Thursday, July 9, 2015
A storm currently located over northern California will eject a wave this afternoon that will travel over our area tonight and allow for another round of possibly heavy rainfall this afternoon and overnight. Significant drying is then forecast to begin Friday as dry air is dragged over Colorado by the storm as it moves northeastward across the Great Basin. However, residual moisture will fuel the possibility of afternoon storms tomorrow, though they will be much weaker and drop much less rain if they do form than the storms earlier this week.
Just in time for Rainbow Weekend and Art in the Park, a beautiful weekend looks to be in store as the dry air remains over our area through most of the weekend. Saturday and Sunday morning look to be rain-free, but a flat ridge in the southeast will move westward and draw moisture from the south over our area as soon as Sunday afternoon.
Unlike the pattern last week which I described as monsoonal-like, southerly flow around this ridge is representative of our classic monsoon pattern. If not by Sunday afternoon, then certainly by Monday the chance of afternoon storms once again producing locally heavy rainfall will return.
Another storm crosses the West Coast late in the weekend and stays to our northwest, but we will still feel its effects as bits of energy move over our area triggering or enhancing storms in our moist atmosphere around Tuesday.
The classic monsoonal pattern is forecast to persist into next weekend, leaving high chances for locally heavy rainfall each day. The forecast becomes uncertain by next weekend as some models show not only another strong storm approaching the West Coast, but also a hurricane moving northward along the Baja peninsula that may or may not interact with that storm.
Saturday, July 4, 2015
Similar to the last few days, there will be a chance of afternoon storms today, though with increasing atmospheric moisture there is a greater chance of wetting rains. As discussed in last week’s forecast, a strong cold front for the summer season is forecast to cross the area around sunset Sunday. Coincidentally, a weak wave from the southwest is forecast to cross over our area around that time or even as early as noon. The end result is showers should increase through the day as temperatures drop, especially later in the day, with some storms producing periods of heavy rain. Showers should continue overnight and into Monday morning.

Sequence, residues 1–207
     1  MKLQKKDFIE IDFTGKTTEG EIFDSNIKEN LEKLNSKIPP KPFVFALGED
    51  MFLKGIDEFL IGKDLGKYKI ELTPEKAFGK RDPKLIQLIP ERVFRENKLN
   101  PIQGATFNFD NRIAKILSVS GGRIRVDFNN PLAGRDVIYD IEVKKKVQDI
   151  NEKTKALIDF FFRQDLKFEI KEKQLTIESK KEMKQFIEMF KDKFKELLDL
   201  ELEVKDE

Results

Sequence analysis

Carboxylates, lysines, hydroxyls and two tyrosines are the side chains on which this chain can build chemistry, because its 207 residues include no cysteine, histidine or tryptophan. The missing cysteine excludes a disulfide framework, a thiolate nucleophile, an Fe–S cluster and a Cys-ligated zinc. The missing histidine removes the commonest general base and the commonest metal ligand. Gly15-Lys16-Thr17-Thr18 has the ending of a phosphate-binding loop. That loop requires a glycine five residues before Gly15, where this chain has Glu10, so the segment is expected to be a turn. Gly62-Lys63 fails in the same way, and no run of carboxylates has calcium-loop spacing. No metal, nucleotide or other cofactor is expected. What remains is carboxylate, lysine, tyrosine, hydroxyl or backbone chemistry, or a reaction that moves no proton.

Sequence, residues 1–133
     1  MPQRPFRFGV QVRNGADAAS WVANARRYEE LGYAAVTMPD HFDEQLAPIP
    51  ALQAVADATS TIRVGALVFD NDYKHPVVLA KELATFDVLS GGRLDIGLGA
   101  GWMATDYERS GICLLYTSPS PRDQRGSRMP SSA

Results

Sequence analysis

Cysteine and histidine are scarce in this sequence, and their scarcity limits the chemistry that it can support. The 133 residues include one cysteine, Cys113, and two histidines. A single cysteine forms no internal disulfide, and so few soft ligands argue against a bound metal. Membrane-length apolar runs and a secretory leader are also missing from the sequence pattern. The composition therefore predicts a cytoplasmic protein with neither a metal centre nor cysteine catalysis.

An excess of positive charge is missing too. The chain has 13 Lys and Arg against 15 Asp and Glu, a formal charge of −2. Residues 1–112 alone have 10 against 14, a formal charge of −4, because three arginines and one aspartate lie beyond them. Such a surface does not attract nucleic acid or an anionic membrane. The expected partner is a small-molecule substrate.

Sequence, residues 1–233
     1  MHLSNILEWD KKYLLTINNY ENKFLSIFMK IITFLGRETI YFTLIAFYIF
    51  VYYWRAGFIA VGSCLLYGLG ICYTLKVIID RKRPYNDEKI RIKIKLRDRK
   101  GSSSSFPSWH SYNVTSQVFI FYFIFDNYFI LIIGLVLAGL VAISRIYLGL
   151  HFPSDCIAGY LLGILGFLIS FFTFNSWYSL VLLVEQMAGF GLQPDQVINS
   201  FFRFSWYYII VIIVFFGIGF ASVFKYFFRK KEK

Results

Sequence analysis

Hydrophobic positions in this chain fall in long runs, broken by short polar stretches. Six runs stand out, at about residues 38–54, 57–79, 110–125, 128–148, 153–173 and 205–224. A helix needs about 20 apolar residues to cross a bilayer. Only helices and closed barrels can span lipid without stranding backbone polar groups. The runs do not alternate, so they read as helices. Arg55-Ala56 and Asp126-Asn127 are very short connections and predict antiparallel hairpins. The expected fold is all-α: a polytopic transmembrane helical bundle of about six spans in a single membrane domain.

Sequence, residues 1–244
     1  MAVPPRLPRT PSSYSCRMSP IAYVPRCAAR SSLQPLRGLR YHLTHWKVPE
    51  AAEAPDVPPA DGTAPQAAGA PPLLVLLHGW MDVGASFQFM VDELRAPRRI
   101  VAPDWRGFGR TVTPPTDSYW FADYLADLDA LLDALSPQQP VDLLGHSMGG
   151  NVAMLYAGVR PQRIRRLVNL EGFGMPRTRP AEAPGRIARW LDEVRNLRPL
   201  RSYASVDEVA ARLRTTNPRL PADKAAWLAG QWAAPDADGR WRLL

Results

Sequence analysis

The cold front will keep temperatures quite cool on Monday with continued showers. Again, some of these showers could produce locally heavy rainfall, though the cool air will moderate the strength of these storms.
Moisture will remain over our area for the following workweek, allowing for the possibility of storms each day though Friday that may produce continued locally heavy rainfall. Storms on Tuesday may be enhanced by another much weaker cold front moving though the area that day.
The forecast pattern is monsoonal-like, though the northward moisture transport in this case is not solely caused by the usual mechanism of upper level flow rotating around the eastern side of a strong western ridge. Instead, waves of energy moving over our area, including the cold fronts on Sunday and Tuesday, appear to be the primary driver of our wetter pattern.